What’s Changing at Hayden Library in 2020—and What’s Staying the Same
Slice of MIT
Last year, MIT’s libraries hosted more than 600,000 visits from students, faculty, alumni, and staff. More than a third of those visits were to Hayden Library, according to MIT Libraries director Chris Bourg. Now, as Bourg and staff prepare for Hayden’s partial renovation, visitors can anticipate a new kind of library experience—without saying goodbye to what brings them back again and again.
Named after 1890 alumnus Charles Hayden, the library was built in 1951 to house the Institute’s humanities and science collections. In addition to its collections, the library’s two levels of floor-to-ceiling windows overlooking the Charles River are a popular draw for the MIT community.
I believe the combination of the windows and the impressive view across both sides of the Charles provides a unique, calming ambience unmatched anywhere else at the Institute.
“I believe the combination of the windows and the impressive view across both sides of the Charles provides a unique, calming ambience unmatched anywhere else at the Institute,” says Sidney Yip, MIT professor emeritus of nuclear science and engineering and materials science and engineering.
Much has changed over the 70 years of Hayden’s existence. Its relatively traditional design—with an information desk in the front and staff offices largely hidden—reflects a valuable, yet dated model of a library’s function at scholarly institutions, where print and text are dominant.
“While print remains important, we need to develop some new archetypes for library spaces that broaden that concept to focus on human interaction and the intersections between digital and physical objects,” says MIT Libraries deputy director Tracy Gabridge ’88.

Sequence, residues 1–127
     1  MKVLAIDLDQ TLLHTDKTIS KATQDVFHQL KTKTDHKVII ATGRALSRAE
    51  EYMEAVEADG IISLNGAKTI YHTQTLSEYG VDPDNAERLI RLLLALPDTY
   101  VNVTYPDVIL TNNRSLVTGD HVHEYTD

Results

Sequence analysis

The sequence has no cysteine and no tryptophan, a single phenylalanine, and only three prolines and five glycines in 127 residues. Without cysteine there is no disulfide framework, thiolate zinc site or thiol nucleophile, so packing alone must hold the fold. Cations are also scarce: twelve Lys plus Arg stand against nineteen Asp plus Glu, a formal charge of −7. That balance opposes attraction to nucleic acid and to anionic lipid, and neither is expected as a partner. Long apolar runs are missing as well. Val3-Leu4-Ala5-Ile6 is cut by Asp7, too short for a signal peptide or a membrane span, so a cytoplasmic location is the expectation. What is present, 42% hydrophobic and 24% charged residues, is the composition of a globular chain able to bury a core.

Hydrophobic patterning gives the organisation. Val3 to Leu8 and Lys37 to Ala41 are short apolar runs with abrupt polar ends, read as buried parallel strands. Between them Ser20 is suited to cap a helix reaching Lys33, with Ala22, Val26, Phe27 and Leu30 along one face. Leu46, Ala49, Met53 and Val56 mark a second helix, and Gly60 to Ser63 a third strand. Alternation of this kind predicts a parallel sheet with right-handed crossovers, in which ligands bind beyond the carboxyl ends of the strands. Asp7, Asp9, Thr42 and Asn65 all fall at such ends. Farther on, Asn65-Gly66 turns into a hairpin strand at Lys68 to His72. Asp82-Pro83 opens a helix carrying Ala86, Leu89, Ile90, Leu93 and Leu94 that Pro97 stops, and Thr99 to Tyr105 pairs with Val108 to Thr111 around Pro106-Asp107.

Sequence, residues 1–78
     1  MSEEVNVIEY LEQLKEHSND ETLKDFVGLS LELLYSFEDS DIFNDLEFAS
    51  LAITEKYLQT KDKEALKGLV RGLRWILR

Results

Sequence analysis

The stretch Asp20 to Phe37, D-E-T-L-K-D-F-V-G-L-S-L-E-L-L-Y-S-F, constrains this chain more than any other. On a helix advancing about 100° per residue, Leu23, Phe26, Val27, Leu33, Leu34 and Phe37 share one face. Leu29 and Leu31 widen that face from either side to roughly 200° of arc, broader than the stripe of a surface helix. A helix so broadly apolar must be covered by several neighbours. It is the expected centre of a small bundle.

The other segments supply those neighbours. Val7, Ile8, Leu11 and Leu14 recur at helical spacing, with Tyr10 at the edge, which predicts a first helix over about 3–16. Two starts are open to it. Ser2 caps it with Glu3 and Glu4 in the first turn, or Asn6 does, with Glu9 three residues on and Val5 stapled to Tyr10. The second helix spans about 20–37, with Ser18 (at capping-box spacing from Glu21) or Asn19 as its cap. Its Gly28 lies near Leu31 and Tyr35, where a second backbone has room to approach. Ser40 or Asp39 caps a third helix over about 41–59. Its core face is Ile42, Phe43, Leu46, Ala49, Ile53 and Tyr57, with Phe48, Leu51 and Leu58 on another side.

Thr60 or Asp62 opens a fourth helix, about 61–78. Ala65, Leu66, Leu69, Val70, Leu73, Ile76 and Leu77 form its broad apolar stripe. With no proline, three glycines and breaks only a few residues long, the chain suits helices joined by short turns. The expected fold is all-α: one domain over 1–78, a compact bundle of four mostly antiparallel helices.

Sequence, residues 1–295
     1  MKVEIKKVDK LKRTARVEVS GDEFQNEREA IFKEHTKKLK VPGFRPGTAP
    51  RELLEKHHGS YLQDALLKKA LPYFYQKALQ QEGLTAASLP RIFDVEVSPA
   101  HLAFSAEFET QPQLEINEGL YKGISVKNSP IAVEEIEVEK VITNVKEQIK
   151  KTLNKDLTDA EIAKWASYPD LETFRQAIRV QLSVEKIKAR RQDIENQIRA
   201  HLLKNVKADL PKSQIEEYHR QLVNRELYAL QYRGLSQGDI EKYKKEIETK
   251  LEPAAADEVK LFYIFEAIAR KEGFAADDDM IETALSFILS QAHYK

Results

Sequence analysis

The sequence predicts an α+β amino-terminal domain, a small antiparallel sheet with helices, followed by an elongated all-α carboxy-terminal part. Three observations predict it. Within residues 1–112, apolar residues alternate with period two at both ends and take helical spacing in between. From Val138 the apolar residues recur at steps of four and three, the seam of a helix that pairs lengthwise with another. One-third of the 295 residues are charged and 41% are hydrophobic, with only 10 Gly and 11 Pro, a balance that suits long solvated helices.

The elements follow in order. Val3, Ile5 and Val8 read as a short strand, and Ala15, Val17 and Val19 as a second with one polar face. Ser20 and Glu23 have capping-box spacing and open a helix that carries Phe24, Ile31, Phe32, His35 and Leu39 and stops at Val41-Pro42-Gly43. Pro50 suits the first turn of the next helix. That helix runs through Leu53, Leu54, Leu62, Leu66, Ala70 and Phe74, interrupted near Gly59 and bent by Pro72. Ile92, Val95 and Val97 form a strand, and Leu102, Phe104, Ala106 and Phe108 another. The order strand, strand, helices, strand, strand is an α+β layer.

We want libraries to be participatory, creative, playful, dynamic, and hackable.
That desire to be a more inclusive and welcoming space to the MIT community, while keeping research and learning at the center, is part of the reason Hayden Library will be undergoing a renovation of its first and second floors in 2020. “We want libraries to be participatory, creative, playful, dynamic, and hackable,” says Bourg. “The renovation will allow us to do that in a more structured and purposeful way.”
Plans for the renovation include building a café on the library’s first floor and providing a flexible teaching and event space for campus groups. Staff hope to expand both the number and variety of study spaces to accommodate more collaborative work, as well as an expanded 24/7 area—while still providing ample views of the Charles.
As Bourg explains, the renovation will make the library’s available expertise and resources much more apparent. While staff are still collecting input on how to do that, ideas include pop-up displays of Hayden’s collections and spaces to create data visualizations, hand-printed books, and virtual reality projects. “The libraries function as a lab for many of our students and faculty. We want to make those activities visible,” says Bourg, drawing a parallel to the research activities one can see through the doors and windows of labs along the Infinite Corridor.
Inspired by one of his favorite places on campus, Yip will be supporting the renovation during MIT’s 24-Hour Challenge—happening all day March 14, 2019. He has pledged to donate $100,000 if 150 fellow donors make a gift of any size to the MIT Libraries.
May the donation contribute to the resources needed to preserve this space for the benefits of the MIT community, for as long as there are people seeking a quiet space not only to work or study, but also to contemplate and recharge.
“May the donation contribute to the resources needed to preserve this space for the benefits of the MIT community, for as long as there are people seeking a quiet space not only to work or study, but also to contemplate and recharge,” says Yip.
On March 14, 2019, Pi Day: MIT Libraries is just one of dozens of MIT groups participating in microchallenges to unlock bonus gifts during the third annual MIT 24-Hour Challenge. Join us, and collaborate with MIT alumni, students, parents, and friends to fuel the future at MIT. If 6,283 MIT alumni, students, parents, and friends give to MIT on March 14, 2019, an anonymous challenger will give the Institute $314,159, fueling the future at MIT and around the world.
Featured photo: L. Barry Hetherington
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